Are you Listening?

Jim Shevchuk

“Help Me Tell My Story” -“Tell Them From Me” – Student Voice – All wonderful ways to engage students. But is it their stories we are hearing? Perhaps we are asking the wrong questions. Or maybe we are talking too much. The voice of a young person is the same as an old person. It wants to speak on its own terms and it wants to be listened to.

The data gleaned from these surveys is valuable. But who designed the questions? What information are we getting from our students? Is it their story or one fabricated by adults? My daughter gave me some valuable feedback. Why does the school need to know about my fruit and vegetable consumption? And, why so many questions about bullying? Can I ask a few questions she ponders? Can I tell my story? Her observations were excellent. She is just a teenager wanting to be involved in the process, yet still interested in helping out her school.

Maybe we should sit down and actually speak with the students. Personal interviews, qualitative surveys and kids just talking, can you image that data set? Could we actually use Indigenous Research methods with all of our children? I would wager they would have some valuable advice to the adults. Included in their advice might be ideas to make their schools more progressive, helpful hints for their teachers about themselves or even on what they would like to learn. They might help us improve. Here is some of research I have gleaned from students on “coffee row”.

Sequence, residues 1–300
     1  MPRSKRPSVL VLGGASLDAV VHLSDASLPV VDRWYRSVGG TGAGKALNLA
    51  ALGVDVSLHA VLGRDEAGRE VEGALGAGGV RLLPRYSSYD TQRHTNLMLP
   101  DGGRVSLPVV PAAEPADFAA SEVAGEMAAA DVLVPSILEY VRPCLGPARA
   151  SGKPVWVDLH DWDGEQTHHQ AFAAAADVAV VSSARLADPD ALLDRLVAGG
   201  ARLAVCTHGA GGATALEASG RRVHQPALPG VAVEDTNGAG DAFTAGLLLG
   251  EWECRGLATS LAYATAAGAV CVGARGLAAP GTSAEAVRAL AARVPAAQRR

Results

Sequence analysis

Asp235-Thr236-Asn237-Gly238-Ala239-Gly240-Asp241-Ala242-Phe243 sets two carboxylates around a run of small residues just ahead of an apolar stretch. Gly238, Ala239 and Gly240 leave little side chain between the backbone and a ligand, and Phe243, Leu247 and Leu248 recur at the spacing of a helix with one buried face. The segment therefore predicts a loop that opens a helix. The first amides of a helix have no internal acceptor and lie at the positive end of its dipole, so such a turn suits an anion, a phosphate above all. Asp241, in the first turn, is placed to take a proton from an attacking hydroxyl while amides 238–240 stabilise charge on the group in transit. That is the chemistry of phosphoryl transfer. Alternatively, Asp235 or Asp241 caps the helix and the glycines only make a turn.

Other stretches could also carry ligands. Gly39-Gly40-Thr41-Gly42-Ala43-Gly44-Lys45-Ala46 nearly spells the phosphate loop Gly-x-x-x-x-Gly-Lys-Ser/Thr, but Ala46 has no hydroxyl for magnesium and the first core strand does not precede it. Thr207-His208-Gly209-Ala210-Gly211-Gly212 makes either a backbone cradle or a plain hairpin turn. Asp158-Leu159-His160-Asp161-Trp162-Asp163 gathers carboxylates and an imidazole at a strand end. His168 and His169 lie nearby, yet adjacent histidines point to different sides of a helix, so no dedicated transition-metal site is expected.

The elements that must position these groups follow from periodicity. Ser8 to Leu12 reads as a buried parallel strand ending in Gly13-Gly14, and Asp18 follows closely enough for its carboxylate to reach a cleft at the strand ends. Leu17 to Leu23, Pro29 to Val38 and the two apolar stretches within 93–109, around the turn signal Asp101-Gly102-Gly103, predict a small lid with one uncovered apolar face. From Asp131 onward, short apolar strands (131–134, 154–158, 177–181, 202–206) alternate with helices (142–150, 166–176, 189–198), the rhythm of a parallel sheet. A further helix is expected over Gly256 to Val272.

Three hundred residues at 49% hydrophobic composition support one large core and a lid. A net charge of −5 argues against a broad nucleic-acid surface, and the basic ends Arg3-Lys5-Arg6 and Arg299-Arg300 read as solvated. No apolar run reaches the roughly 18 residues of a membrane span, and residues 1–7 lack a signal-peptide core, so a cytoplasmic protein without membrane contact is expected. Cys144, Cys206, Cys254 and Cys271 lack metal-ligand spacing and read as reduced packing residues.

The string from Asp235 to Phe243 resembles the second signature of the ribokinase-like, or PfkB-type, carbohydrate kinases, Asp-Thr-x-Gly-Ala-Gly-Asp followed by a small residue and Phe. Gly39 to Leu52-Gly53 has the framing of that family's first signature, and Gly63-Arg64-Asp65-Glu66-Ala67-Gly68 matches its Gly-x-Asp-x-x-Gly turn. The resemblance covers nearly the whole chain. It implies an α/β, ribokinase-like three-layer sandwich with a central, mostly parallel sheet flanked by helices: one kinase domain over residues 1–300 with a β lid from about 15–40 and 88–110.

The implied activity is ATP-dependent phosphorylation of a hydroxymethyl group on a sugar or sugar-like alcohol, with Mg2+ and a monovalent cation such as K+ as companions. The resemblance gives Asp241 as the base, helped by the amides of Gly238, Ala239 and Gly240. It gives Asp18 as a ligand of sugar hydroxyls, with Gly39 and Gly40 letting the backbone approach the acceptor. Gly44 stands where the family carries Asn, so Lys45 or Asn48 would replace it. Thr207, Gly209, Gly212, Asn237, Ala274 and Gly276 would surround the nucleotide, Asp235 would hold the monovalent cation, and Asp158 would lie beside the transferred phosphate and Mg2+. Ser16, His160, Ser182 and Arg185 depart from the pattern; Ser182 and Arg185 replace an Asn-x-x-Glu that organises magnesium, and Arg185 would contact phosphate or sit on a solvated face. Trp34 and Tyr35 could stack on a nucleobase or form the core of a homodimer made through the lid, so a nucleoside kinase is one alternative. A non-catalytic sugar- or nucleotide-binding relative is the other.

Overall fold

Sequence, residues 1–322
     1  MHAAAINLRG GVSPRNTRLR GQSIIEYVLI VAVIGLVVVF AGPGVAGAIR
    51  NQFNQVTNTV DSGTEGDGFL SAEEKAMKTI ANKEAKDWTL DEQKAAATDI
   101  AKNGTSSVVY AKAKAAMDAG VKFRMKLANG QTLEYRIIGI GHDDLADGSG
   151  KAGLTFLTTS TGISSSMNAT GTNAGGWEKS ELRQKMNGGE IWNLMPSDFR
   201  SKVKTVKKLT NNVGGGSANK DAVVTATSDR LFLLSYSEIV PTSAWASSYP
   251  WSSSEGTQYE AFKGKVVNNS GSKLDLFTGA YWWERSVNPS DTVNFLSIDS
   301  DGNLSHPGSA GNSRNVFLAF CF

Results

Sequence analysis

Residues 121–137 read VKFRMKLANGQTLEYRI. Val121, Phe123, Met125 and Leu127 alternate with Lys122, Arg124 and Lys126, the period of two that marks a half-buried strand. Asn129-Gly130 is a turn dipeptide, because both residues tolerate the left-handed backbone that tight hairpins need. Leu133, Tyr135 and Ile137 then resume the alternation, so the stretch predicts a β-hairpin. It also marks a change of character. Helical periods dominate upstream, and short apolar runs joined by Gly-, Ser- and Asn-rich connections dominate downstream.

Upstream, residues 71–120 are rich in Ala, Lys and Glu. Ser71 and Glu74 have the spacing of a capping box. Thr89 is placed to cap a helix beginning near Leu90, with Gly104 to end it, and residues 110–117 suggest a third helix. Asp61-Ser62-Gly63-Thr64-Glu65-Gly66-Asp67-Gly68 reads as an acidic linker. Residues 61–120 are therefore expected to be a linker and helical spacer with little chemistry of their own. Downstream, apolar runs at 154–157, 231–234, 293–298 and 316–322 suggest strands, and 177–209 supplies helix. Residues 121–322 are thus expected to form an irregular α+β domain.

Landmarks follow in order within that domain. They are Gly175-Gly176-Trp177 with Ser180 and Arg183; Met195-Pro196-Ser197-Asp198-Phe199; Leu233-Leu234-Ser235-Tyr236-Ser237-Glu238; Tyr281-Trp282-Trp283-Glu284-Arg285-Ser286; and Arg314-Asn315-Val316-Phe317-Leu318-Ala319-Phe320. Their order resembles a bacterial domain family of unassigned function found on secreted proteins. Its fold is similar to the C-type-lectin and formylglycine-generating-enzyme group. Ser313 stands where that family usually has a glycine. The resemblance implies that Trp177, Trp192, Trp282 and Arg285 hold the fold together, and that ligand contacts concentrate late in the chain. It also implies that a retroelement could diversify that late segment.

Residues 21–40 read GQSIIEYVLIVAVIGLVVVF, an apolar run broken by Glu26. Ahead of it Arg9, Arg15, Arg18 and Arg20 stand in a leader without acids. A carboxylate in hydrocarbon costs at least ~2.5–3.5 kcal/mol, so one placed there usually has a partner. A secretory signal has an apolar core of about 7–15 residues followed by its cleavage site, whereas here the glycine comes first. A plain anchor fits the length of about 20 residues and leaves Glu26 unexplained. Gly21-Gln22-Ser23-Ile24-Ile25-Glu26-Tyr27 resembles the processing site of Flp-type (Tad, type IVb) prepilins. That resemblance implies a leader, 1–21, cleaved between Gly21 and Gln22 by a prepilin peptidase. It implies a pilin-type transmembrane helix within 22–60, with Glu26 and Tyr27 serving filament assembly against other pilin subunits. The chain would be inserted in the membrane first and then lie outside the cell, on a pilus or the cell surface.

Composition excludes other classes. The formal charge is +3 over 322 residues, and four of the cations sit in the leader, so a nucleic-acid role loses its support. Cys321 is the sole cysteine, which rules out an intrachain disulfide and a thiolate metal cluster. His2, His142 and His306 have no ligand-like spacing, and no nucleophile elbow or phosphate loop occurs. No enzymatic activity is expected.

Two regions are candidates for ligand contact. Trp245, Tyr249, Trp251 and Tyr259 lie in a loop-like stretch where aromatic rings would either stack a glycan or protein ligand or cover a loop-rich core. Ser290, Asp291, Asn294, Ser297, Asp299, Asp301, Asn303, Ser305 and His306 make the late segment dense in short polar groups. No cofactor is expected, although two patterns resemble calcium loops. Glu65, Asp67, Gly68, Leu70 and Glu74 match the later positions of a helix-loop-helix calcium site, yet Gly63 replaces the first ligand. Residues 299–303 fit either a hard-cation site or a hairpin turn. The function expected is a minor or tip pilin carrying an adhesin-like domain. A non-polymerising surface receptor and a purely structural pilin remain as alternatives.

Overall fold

“What Students really want us (teachers) to know!”

  1. Do you know anything about me?
  2. Let me ask the questions.
  3. Put your phone away – Did you notice me? How about a smile?
  4. Give me your attention – do you even know that I exist?
  5. Sometimes your rules about bathrooms and snacking are excessive – Have you actually thought about what you have said I can’t do?
  6. Can you pretend with me? Let me imagine – I have been doing inquiry for years.
  7. Trades and Computers – How about something I like.
  8. Trust me. Until I prove you wrong – Believe in me.
  9. Can we have the same respect we give you? When I tell you I am cold, hungry or thirsty, I am.
  10. Covering more challenging material keeps me interested.

Maybe we have the technology to record their thoughts? Of course some of these students will still propose the age old suggestion of beer in the water fountains and flexible scheduling; however some of our students are asking to tailor make their classes for graduation requirements. This seems to be reasonable. None of the student options include the compulsory Grade 12 English, Social Studies or Wellness 10, but I do hold out some hope that perhaps our administrators are listening. Our Ministry is actually investigating the 24 credit graduation requirements at the provincial level. If we can accommodate our students’ requests in this area, who knows, perhaps we are making some progress. And if the government is listening, maybe we should too!

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